Eran Thomson A Laugh Threatening Situation Chapter 1 - Bees in Bumfuck

A Laugh Threatening Situation – Bees in Bumfuck

A Laugh Threatening Situation

Chapter 1 – Bees in Bumfuck

New here? Start at the beginning.


My parents moved to Bumfuck.

Some people also know the place as Gilmanton, New Hampshire.

Go ahead, look it up. I’ll wait.

Told you. Bumfuck.

That’s where my Dad bought a chunk of land on a large hill and planned to build a house on it.

The property was in and surrounded by dense forest. Before we could build anything we had to clearcut a road to the top, and then clear the land to build on.

Because it was in Bumfuck, there weren’t a lot of people around to help. So that meant my Dad taught me to use tools from a young age.

I could use a saw, hammer, drill, chisel, or any other hand tool well enough to be more of a help than a hindrance on a job site. And I had enough confidence, imagination, and scrap wood that it was often easier to make my own toys rather than wait for Santa to disappoint.

I learned to use a chainsaw before most kids learn to ride a bike. This on its own might have qualified as a near-death experience, but my

Dad was mostly safe and smart when it came to working with wood, and he taught me well.

We cut down tons of trees and the plan was to use them to build a log cabin where they once stood.

Once the main logs were cut, de-barked, and notched, I would use an axe and maul to split the offcuts and stack up cords of firewood. When the hard work was done, I would often climb on top of the pile and pretend it was a pirate ship sailing back to civilization.

We lived in our new cabin while we built the “real” house further up the hill.

The real house was an old post and beam structure that a nearby farmer no longer wanted on his land. It was so old that it was held together with mortise and tenon joints and wooden pegs. No nails.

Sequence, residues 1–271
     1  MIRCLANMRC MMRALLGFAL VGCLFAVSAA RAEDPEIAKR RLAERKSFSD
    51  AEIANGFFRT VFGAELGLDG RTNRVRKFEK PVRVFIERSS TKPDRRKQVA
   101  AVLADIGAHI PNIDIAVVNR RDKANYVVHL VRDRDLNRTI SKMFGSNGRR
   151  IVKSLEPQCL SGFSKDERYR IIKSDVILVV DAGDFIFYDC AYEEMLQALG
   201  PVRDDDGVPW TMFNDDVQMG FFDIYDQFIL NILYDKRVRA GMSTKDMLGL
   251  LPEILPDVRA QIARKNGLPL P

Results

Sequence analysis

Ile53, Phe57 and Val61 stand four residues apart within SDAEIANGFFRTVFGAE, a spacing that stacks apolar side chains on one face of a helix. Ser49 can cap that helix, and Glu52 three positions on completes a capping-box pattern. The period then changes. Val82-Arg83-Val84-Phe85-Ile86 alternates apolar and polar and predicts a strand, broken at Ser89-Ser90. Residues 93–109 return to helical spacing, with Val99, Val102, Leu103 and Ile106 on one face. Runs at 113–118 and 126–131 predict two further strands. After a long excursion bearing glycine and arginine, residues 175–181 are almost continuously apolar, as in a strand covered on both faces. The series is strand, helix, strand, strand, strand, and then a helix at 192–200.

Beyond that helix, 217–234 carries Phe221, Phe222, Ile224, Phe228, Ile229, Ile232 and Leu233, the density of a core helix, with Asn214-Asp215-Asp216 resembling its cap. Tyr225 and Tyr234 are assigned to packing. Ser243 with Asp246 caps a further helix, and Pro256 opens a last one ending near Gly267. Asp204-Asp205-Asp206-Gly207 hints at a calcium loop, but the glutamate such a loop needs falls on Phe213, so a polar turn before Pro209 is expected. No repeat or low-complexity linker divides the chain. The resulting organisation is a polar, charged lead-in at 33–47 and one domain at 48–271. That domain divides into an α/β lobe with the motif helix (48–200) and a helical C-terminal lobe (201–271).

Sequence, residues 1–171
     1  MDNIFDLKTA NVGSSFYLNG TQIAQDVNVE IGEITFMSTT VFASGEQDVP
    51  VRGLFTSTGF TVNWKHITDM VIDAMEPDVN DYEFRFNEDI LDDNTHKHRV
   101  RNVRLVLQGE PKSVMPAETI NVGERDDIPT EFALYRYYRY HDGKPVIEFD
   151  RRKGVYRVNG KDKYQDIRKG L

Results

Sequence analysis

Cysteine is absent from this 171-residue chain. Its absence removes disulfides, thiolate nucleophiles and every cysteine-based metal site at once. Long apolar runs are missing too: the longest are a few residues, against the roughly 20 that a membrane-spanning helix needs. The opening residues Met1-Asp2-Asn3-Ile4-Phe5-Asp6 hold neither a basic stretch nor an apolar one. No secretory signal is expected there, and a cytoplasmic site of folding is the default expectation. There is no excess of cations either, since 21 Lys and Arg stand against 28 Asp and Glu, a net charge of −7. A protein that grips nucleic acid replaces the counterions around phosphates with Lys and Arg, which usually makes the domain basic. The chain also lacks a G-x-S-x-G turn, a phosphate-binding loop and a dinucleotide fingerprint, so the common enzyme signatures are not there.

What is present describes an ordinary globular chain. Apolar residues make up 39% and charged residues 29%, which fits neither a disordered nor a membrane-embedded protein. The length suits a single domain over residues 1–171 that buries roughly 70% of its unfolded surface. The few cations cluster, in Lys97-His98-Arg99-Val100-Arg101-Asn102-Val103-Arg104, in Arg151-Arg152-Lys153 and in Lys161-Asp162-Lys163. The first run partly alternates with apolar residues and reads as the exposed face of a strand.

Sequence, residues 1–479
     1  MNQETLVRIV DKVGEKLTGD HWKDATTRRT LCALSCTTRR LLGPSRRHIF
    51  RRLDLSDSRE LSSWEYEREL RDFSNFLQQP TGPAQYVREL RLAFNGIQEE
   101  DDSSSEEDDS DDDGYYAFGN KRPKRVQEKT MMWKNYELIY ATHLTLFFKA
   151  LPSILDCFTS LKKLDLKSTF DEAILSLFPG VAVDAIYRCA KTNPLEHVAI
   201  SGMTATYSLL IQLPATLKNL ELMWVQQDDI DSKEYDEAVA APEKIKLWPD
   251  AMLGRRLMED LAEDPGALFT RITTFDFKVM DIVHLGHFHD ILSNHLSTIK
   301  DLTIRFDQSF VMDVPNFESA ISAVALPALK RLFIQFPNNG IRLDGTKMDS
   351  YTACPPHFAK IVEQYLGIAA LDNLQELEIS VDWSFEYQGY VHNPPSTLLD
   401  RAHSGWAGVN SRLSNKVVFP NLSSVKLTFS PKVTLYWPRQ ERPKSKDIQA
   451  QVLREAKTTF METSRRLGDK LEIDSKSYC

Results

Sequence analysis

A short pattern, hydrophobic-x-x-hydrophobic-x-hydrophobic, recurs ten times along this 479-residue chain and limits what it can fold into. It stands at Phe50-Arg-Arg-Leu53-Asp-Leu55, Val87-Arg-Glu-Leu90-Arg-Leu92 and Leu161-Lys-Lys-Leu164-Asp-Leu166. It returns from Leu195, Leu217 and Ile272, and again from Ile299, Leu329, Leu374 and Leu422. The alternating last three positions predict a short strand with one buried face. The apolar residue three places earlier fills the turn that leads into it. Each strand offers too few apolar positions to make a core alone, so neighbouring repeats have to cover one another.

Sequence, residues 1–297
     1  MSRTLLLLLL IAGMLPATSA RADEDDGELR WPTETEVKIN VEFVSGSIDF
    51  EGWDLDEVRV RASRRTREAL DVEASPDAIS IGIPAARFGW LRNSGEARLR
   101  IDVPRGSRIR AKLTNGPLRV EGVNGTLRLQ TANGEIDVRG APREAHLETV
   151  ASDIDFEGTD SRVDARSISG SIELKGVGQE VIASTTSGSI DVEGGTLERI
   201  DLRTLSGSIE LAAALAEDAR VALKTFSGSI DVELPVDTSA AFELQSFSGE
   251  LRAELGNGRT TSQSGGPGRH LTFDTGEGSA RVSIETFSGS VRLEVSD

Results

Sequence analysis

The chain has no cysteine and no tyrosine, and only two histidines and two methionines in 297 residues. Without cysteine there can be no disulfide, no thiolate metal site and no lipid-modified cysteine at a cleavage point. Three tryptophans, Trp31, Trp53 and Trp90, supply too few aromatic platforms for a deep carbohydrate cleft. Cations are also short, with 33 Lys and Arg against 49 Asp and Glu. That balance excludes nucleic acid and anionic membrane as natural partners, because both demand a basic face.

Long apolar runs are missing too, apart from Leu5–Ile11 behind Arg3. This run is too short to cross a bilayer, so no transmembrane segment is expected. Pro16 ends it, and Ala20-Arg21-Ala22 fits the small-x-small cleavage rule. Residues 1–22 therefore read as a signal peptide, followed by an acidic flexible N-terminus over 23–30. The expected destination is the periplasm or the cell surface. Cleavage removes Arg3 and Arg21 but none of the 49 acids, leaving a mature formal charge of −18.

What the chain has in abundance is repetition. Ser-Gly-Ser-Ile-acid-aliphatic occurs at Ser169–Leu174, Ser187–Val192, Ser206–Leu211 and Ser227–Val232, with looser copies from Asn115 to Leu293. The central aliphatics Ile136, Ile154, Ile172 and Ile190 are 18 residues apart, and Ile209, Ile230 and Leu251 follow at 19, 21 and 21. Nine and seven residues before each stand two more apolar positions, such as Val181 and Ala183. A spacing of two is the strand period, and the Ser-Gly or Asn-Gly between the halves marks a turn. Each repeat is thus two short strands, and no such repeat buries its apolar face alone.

This meant that the house could technically be disassembled, loaded on my Dad’s old International Harvester truck, and reassembled on top of our hill.

It was a lot of work, but it was a glorious structure.

Clearing the land to reassemble it on was less glorious.

I remember long hot days spent chopping down trees, digging out stumps, cutting off branches, hacking at brush, and being equally annoyed and thrilled at the occasional discovery of a wild, thorny blackberry bush.

One day when we were piling things up for a bonfire, I picked up a log that turned out to be a beehive.

I got stung 287 times. There was no space on my 7-year-old body for even one more sting.

And no hospital nearby. No nothing nearby. We’re in Bumfuck, remember?

My Dad quickly carried me back to the partially built house and frantically picked dead bees out of my clothes, hair, and skin. Once most of the stingers were out, he dressed the sores with a poultice of water and baking soda.

I was so swollen I looked like a mummified baked potato.

For most people, a single bee sting is a bummer. And two-hundred-eighty-seven stings is unfathomable.

If you’re allergic, one sting can kill.

If you’re not, then the generally accepted theory is that anything over 10 stings per pound of body weight can be deadly.

As a 47lb kid, I was over 60% of the way there.

But it felt closer to a hundred.

Life Pro Tips

  • If you see a beehive anywhere, leave it alone.
  • If it absolutely has to be removed, get someone else to do it, and be far away when they do.
  • If you’re being swarmed, don’t swat. When crushed, some bees, wasps, and hornets emit a hormone that alerts other nearby stingers to attack.
  • Find out if you’re allergic before you get stung.

Subscribe to get new chapters in your inbox and join me for readings on YouTube.

Leave a Reply